By Brahma Chellaney
May 27, 2017
Want evidence that money speaks louder than the international imperative to counter a rapidly metastasizing global jihadist threat, as symbolised by the latest attack in Manchester? Look no further that US President Donald Trump’s recent visit to the world’s chief ideological sponsor of Jihadism, Saudi Arabia. The trip yielded business and investment deals for the US valued at up to almost $400 billion, including a contract to sell $109.7 billion worth of arms to a country that Trump previously accused of being complicit in 9/11.
By exporting Wahhabism – the hyper-conservative strain of Islam that has instilled the spirit of martyrdom and become the source of modern Islamist terror – Saudi Arabia has been snuffing out the more liberal Islamic traditions in many countries. Wahhabism is just a variant of Salafism, and the House of Saud is the main backer of Salafis across the globe.
Indeed, Saudi Arabia’s radicalism is the root from which Islamist terrorist organisations ranging from Islamic State (which claimed responsibility for the Manchester concert attack) to al-Qaida draw their ideological sustenance.
The Manchester attack, occurring close on the heels of Trump’s Saudi visit, cast an unflattering light on his choice of a decadent theocracy for his first presidential visit overseas. The previous four US presidents made their first trips to neighbouring Mexico or Canada.
But Trump is not alone. In thrall to Saudi money, British Prime Minister Theresa May travelled to Riyadh six weeks before Trump. As if to signal that a post-Brexit Britain would increasingly cosy up to rich despotic states, May flew to Saudi Arabia just after triggering Article 50 to exit the EU. She has also stepped up her courting of China.
Salvaging the global war on terror demands a sustained information campaign to discredit the ideology of radical Islam. But as long as Saudi Arabia continues to shield its insidious role in aiding and abetting extremism by periodically doling out multibillion-dollar contracts to key powers, it will be difficult to bring the war on terror back on track.
Trump has yet to articulate a clear anti-terror strategy. After earlier saying “Islam hates us” and calling for a “total and complete shutdown” of Muslims entering the US, Trump described Islam as “one of the world’s great faiths” and urged “tolerance and respect for each other” in a speech to leaders from across the Muslim world.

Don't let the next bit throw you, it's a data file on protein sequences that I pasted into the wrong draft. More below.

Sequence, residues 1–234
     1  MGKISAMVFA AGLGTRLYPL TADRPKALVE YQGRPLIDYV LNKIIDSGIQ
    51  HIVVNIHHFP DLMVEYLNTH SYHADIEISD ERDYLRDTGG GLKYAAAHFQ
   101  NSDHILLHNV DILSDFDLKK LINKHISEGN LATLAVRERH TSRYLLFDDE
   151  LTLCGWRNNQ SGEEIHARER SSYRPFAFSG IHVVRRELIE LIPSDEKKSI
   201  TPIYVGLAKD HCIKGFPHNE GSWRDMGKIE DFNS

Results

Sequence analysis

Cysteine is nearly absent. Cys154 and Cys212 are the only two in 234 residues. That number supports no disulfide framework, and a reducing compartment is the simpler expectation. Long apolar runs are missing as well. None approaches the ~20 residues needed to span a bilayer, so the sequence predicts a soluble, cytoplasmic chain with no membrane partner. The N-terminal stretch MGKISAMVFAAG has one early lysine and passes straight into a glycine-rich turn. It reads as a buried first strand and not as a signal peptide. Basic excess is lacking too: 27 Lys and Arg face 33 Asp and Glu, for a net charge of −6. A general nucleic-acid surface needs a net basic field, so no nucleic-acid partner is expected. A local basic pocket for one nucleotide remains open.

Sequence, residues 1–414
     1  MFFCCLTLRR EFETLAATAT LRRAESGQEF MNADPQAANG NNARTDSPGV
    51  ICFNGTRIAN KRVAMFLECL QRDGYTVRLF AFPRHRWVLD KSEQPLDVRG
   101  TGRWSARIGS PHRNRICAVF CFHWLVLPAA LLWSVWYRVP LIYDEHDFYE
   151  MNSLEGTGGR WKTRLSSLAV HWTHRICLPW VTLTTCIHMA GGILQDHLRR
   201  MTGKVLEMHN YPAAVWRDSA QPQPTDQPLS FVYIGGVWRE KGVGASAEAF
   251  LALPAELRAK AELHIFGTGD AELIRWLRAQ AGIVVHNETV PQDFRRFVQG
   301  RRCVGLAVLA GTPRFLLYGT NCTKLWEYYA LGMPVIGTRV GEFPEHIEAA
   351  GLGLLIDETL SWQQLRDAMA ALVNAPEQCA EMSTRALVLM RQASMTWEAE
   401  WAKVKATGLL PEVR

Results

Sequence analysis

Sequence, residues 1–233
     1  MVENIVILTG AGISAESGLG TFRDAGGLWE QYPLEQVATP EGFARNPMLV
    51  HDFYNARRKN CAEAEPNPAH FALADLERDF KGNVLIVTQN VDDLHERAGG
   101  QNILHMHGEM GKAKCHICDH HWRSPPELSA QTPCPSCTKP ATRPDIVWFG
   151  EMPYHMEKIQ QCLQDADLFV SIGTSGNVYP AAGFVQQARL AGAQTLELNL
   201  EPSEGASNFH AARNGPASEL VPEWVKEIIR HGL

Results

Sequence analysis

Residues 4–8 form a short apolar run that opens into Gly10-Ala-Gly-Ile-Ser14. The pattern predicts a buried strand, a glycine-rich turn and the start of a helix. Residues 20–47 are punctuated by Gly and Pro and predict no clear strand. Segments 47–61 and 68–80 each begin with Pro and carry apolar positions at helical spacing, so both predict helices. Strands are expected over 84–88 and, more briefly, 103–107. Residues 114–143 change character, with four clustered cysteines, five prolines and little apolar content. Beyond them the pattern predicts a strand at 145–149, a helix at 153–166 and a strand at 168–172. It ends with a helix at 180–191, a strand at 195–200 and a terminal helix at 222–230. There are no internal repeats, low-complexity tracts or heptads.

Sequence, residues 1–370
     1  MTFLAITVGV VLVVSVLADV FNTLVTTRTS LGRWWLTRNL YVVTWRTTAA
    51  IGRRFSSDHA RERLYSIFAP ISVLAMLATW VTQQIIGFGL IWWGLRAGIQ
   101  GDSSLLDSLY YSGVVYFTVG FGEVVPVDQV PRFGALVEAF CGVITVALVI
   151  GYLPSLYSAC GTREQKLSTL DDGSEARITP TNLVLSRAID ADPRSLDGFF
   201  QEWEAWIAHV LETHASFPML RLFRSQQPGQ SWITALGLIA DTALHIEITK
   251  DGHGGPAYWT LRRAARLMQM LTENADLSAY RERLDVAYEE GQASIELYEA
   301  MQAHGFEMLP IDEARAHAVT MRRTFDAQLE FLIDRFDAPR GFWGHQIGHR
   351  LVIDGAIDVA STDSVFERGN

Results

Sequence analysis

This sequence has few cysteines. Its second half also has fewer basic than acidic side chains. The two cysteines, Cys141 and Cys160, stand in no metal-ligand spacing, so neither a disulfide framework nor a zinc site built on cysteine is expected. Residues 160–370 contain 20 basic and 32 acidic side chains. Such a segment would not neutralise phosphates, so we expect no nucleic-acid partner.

Despite his measured tone in the latter instance, it was odd that Trump spoke about the growing dangers of Islamic extremism from the stronghold of global Jihadism, Saudi Arabia. The new Global Centre for Combating Extremist Ideology that he opened in Riyadh seems to symbolise hope that the arsonists will turn into fire-fighters.
Trump’s embrace of a country he excoriated for being “the world’s biggest funders of terrorism” reflects the fact that Saudi Arabia is a cash cow for American defence, energy and manufacturing companies. Hyping the threat from Iran, even if it fuels the deep-seated Sunni-Shia rivalry, helps to bolster US alliances with the various oil sheikhdoms and win lucrative contracts.
In Saudi Arabia, Trump spoke of building a stronger alliance with Sunni countries, with US officials saying the defence arrangements could evolve into an ‘Arab NATO’. However, the Sunni arc of nations is not only roiled by deep fissures, but also it is the incubator of transnational jihadists who have become a potent threat to secular, democratic states near and far. IS, al-Qaida, Taliban, Lashkar-e-Taiba, Jaish-e-Muhammed, Boko Haram and al-Shabaab are all Wahhabi-Salafi groups that blend hostility towards non-Sunnis and anti-modern romanticism into nihilistic rage.
In this light, Trump’s Sunni-oriented approach could worsen the problems of Jihadism and sectarianism, undermining the anti-terror fight.
The murky economic and geopolitical considerations presently at play foreshadow a long and difficult international battle against the forces of terrorism. The key to battling violent Islamism is stemming the spread of the ideology that has fostered “jihad factories.” There can be no success without closing the wellspring of terrorism – Wahhabi fanaticism. But who will have the courage to bell the cat?